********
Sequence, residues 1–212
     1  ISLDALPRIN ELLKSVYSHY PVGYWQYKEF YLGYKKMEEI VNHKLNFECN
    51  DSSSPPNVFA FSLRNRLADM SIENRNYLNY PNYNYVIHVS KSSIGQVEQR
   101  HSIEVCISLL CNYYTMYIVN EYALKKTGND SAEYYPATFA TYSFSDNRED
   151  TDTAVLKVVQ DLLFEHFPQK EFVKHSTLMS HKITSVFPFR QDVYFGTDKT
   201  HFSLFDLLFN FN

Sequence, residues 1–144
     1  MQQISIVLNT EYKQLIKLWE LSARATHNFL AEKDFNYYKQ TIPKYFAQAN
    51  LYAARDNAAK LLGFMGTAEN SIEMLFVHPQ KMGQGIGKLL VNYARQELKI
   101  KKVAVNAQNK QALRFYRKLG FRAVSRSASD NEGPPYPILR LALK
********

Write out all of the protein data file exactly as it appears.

Sequence, residues 1–212
     1  ISLDALPRIN ELLKSVYSHY PVGYWQYKEF YLGYKKMEEI VNHKLNFECN
    51  DSSSPPNVFA FSLRNRLADM SIENRNYLNY PNYNYVIHVS KSSIGQVEQR
   101  HSIEVCISLL CNYYTMYIVN EYALKKTGND SAEYYPATFA TYSFSDNRED
   151  TDTAVLKVVQ DLLFEHFPQK EFVKHSTLMS HKITSVFPFR QDVYFGTDKT
   201  HFSLFDLLFN FN

Sequence, residues 1–144
     1  MQQISIVLNT EYKQLIKLWE LSARATHNFL AEKDFNYYKQ TIPKYFAQAN
    51  LYAARDNAAK LLGFMGTAEN SIEMLFVHPQ KMGQGIGKLL VNYARQELKI
   101  KKVAVNAQNK QALRFYRKLG FRAVSRSASD NEGPPYPILR LALK